When Charlotte Rey and Duncan Campbell, founders of design studio Campbell-Rey, began working on a new rug collection for Nordic Knots years ago, they had no way of knowing that their work would become one of the brand’s most beloved motifs. “We couldn’t have foreseen the wonderfully enthusiastic response,” Rey tells ELLE DECOR. “We wanted to build on that.” What followed the 2022 launch, then, is a batch of new, jewel-toned hues for each of the sought-after designs, available now via Nordic Knots’ website.
Rey and Campbell’s inspirations for the rugs span architectural eras. When they first sat down to design the collection, they pulled elements from the Gustavian period, a style that originated in Sweden—where Rey grew up—and is characterized by a sense of antiquity, as well as festoon and laurel motifs. Those ideas are reflected in the rugs, from the undulating lines of Folding Ribbon and Climbing Vine to the blocky, architectural elements of Garden Maze.
For the new colors, the duo looked across the water to Copenhagen, Denmark—more specifically, to the Thorvaldsen Museum. “We loved it so much when we both came together to see it a few years ago,” Campbell says. “We’ve been waiting for the perfect moment to incorporate it into our work.” The museum houses the life’s work of the 19th-century Danish sculptor Bertel Thorvaldsen, a celebrated artist whose work combined elements of classical Greek, Roman, and Egyptian architecture. Campbell and Rey felt an instant connection to Thorvaldsen’s distinct style and use of color, a synergy that resulted in a deep blue edition of Garden Maze, a burgundy Folding Ribbon, and an olive Climbing Vine. “The first color palette was quite springlike and light,” Rey adds. “We wanted to give a more jewel-toned expression for a more intimate atmosphere.”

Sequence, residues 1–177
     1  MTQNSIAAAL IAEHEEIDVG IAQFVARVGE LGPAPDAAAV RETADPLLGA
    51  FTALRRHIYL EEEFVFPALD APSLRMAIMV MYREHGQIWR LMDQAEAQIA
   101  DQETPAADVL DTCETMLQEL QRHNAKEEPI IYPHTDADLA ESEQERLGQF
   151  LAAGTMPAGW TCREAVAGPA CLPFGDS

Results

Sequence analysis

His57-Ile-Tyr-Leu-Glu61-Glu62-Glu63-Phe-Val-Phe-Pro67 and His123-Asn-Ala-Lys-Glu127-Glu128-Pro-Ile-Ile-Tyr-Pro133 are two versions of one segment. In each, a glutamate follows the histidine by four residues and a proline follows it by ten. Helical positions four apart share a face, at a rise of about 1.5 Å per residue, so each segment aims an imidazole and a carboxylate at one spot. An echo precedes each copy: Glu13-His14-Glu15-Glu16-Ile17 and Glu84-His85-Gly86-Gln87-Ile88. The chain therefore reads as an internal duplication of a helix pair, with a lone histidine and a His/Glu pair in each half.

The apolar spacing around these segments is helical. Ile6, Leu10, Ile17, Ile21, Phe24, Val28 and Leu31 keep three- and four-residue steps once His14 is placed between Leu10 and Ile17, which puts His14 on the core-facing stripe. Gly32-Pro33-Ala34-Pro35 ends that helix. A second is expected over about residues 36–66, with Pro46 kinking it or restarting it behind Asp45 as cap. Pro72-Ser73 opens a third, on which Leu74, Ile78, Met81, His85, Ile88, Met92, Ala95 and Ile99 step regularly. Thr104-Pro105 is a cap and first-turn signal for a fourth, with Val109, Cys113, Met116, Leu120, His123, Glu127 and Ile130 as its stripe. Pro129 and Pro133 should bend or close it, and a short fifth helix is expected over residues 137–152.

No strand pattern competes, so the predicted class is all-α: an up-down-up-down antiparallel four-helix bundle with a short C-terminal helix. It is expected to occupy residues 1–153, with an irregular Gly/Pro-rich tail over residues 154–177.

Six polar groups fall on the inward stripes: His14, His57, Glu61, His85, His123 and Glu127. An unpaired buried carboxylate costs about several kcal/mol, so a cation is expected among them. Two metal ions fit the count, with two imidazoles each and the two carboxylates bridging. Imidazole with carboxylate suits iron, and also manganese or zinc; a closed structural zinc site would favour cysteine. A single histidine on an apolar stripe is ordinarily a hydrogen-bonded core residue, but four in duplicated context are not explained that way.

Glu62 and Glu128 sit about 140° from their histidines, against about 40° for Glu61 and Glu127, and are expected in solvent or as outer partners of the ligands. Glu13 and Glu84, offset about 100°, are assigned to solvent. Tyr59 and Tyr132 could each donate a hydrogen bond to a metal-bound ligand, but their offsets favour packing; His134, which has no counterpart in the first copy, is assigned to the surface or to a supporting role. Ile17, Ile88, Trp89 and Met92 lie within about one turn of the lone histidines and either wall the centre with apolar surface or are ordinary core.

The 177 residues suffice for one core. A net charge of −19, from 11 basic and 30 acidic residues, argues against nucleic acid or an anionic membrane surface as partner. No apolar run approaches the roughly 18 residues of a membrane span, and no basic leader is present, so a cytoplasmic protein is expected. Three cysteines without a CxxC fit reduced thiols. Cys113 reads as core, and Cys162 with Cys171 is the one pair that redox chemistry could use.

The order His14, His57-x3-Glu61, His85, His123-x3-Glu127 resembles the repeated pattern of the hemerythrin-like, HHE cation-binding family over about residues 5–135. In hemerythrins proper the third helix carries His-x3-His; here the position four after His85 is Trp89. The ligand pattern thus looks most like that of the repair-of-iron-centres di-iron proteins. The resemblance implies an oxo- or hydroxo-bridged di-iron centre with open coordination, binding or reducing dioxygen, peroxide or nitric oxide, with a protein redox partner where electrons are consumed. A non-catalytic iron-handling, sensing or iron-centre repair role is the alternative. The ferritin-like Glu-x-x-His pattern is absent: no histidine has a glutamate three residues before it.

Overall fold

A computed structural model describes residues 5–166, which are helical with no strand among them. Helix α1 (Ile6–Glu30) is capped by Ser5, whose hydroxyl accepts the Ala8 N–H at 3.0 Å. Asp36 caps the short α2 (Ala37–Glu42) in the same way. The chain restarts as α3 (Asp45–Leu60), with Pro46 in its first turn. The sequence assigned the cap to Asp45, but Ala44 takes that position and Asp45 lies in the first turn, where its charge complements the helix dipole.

Campbell-Rey is also introducing a new color for Nordic Knots’ curtain line as part of the latest collection. Dubbed Eau de Nil, the soft green takes cues from the Thorvaldsen Museum’s Egyptian references. “We’re always drawn to great, delicious colors,” Rey says. “Colorways that evoke emotion, that draw you in.”
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